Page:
One of my favourite magazines was Chocolatier. This recipe comes from Volume 1, No. 2 (1984!). I do not recall the year it stopped publishing. It seemed to happen suddenly and without any notice.

Many of the recipes in my "repertoire" are from that magazine - and in time I will replicate them all here. Oddly there is still a website showing a classic cover of the zine, claiming that it has now morphed into Dessert Professionals - seems like an odd, clunky website - hmmm...

Chocolatier says the cookie is/was famous from the American Cafe, in the Washington D.C. area. I can't quite tell if that Cafe still exists.

This was a classic, oft-repeated recipe in the KB kitchen before it became "empty-nest". Now these tasty cookies occasionally reach fans in a parcel.

Preheat oven to 325 F. Remove butter and eggs from refrigerator to bring to room temperature. Line cookie sheets with parchment. This recipe makes 2.5 to 3 dozen cookies (that measure about 2.5" across) so good idea to prep two additional parchment sheets. Toast walnuts and cool before chopping. Measure / prepare all ingredients. Do review my Tips (below) before baking these.

2 1/4 cups all-purpose flour
1 tsp baking soda
1/2 tsp salt

Sift together the flour, baking soda, and salt.

1.5 cups chopped walnuts

3 1/2 cups shaved or shredded coconut

See Tips below on nuts and coconut.

1/4 cup unsweetened cocoa
1/2 pound + 4 TB (2.5 sticks) unsalted butter, softened
3/4 cup tightly packed brown sugar
1/2 cup + 3 TB granulated sugar
2 eggs
1 cup semi sweet chocolate chips

in a large bowl combine the cocoa, butter, sugars and eggs. Using the paddle beater, beat at high-speed for 3 minutes until the mixture is thoroughly blended.  Add chocolate chips and mix at slow/medium speed until they are distributed throughout the mixture - (or do this by hand).

Add the flour mixture to the chocolate / butter mixture and beat slowly for 2 minutes.

Fold in the walnuts and coconut and stir just to combine. Drop the dough in 2 tablespoon size chunks onto an ungreased cookie sheet bake for 9 minutes until cooked through.

Notes and Tips...

  • Walnuts - I have also made these with pecans, though I think the walnuts are a bit better. Taste them to be sure they are fresh and not rancid. Nuts in baking always taste better if the nuts are lightly toasted. Most of the time I prefer to do this in the oven - 8-12 minutes in a 350 F oven. Review these brief tips from @thekitchn. Cool the nuts and do a small (but not fine) chop by hand.
  • Coconuts - review my tips on coconut. For this recipe I like to use "flaked" coconut - it must be fresh (moist), not leftover from a previous bake and consequently a bit dry. I don't think I have ever made this with the full 3.5 cups - I think perhaps because i often did not have that much on hand. I have made it with anywhere between 1 and 3 cups.
  • Cocoa - as I have previously  outlined, there are two kinds of cocoa. Maybe 31 year ago recipes were not so much distinguishing between natural unsweetened and Dutch-processed. I use Dutch-processed when making this.
  • Chocolate chips - the better the chocolate chips, the better the cookies. I like Ghirardelli, or my local chocolate shop - Castelyn - also sells them.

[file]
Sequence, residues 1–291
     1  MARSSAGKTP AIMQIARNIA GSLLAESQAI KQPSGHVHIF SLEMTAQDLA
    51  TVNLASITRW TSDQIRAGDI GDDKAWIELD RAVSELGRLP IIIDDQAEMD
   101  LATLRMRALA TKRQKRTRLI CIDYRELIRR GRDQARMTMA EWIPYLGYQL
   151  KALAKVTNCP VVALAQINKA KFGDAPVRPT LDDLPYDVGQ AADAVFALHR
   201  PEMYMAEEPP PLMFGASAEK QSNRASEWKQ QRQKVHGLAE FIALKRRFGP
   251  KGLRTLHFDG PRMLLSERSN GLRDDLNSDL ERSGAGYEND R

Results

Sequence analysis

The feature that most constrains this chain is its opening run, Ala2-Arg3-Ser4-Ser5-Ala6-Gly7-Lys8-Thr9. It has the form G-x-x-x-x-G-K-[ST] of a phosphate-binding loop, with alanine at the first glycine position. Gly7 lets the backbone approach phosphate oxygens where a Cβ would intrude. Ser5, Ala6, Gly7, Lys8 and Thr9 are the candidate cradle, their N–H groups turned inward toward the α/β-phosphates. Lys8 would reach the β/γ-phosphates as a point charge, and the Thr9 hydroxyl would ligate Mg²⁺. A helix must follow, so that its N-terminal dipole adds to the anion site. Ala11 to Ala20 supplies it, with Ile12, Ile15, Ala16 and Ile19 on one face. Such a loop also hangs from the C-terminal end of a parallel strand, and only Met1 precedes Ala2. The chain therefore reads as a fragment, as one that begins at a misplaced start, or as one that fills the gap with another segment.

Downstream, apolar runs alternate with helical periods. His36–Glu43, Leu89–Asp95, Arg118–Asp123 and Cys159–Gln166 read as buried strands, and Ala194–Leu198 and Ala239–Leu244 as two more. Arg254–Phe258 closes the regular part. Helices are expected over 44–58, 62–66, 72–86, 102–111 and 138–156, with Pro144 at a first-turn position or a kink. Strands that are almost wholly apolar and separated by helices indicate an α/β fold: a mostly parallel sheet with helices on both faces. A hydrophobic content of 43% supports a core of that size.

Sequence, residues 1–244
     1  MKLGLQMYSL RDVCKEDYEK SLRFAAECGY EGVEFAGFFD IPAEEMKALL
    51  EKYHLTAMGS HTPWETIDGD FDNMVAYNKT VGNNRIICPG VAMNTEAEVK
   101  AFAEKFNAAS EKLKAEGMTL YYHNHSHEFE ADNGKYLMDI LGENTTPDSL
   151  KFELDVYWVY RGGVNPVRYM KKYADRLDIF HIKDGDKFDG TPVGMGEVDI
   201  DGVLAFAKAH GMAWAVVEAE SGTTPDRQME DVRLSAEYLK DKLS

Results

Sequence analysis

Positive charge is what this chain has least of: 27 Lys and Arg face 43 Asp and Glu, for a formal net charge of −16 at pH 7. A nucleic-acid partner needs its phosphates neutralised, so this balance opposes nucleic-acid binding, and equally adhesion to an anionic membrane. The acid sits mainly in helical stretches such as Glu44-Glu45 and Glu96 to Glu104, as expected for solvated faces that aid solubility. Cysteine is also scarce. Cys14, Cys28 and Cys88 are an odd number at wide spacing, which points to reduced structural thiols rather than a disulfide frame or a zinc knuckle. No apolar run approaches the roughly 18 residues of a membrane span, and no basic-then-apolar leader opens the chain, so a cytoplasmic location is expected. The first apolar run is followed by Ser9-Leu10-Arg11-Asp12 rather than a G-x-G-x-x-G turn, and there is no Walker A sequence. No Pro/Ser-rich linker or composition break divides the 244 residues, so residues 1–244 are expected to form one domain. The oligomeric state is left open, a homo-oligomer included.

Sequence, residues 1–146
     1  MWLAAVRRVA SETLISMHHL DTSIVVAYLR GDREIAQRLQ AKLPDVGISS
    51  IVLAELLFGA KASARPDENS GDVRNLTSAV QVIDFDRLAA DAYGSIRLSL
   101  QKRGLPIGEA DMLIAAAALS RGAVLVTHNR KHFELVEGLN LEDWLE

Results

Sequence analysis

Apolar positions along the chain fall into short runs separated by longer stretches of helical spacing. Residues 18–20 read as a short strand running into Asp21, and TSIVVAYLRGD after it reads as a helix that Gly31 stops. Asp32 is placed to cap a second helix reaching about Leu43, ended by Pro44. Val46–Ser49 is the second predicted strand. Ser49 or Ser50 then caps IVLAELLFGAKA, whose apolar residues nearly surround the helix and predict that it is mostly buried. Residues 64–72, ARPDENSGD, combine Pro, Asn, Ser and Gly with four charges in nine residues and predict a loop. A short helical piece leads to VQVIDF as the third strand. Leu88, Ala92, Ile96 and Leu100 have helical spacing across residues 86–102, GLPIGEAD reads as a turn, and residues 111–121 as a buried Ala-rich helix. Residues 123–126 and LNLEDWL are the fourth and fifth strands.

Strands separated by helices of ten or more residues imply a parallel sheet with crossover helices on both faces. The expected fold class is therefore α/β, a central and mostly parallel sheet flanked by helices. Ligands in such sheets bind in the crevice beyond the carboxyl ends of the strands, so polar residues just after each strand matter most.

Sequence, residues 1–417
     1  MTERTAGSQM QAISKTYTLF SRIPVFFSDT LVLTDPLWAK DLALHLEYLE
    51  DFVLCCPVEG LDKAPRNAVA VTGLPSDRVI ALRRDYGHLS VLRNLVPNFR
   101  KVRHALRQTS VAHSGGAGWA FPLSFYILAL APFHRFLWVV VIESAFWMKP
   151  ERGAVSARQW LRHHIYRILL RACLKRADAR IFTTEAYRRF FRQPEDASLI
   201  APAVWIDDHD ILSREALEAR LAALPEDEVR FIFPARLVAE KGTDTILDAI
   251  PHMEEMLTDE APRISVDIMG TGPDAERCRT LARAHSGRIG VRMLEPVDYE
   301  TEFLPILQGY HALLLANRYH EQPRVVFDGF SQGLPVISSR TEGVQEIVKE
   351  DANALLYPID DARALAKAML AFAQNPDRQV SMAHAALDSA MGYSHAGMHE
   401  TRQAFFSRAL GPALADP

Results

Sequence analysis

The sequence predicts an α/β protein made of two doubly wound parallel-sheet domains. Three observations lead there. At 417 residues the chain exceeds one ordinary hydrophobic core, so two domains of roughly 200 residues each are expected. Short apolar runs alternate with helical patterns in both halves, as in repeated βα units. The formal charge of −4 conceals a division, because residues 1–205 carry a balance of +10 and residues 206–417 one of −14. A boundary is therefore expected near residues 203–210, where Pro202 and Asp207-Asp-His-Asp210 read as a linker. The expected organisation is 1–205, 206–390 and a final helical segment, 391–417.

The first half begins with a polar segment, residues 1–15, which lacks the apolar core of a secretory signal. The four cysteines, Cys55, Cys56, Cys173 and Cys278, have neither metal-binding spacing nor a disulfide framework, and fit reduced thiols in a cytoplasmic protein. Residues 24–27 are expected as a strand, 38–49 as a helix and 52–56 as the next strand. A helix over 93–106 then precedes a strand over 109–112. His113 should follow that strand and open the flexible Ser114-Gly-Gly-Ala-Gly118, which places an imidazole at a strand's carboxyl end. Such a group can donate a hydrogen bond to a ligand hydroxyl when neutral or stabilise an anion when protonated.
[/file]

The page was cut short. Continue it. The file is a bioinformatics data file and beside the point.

• Beating stage - the original recipe combines all the 'step one' ingredients at once and states "Beat at high-speed for 3 minutes until the chips are broken up and the mixture is the really blended." I cannot imagine any mixer that would "break down" the chocolate chips - and why is that even desirable? Thus, the instructions I outlined above - add the chocolate chips after the 3 minute beating step.
  • Drop cookies - I use a scoop to drop the cookies on the sheet, leaving room between scoops since they will spread to almost 3 inches.
  • Ungreased cookie sheet - I use parchment on ATK recommended cookie sheets
  • Bake time - in my beat-up magazine I have many stickie notes trying to sort out the best bake time. Once and for all I am going to declare that the recommended 9 minutes in a 325 F oven absolutely does not bake these cookies well enough. I do know that cookies continue to bake a bit after being pulled from an oven, and their consistency changes as they cool, but 9 minutes, cooled to room temp and it still feels like you are eating raw cookie dough. If that's how you like cookies - go for it. I also have many notes re how the dough behaves if it has first been chilled. I pondered the idea of pumping up the heat to 375 which is used for many classic cookies, but then decided that the large quantity of coconut may make this more like a macaroon which is usually baked at 325. After continued experiments I can recommend 14 minutes at 325 F convection. If you don't have convection, maybe go for 15 minutes. The cookies are ideal only after they have totally cooled - until then they are floppy and hard to lift in one piece. Store them flat surface - otherwise, as they continue to cool, they may end up bent out of shape.
  • Managing the bake - though I have a convection oven i tend to bake these one sheet at a time. First goes in and meanwhile i prep the second batch / cookie sheet. First comes out, onto a cooling rack, but to speed things along I prep the next batch on the parchment, on my kitchen counter. Just before batch number two comes out, the batch one cookie sheet is cool enough to handle and I slide it under the third batch parchment and the process continues efficiently. 

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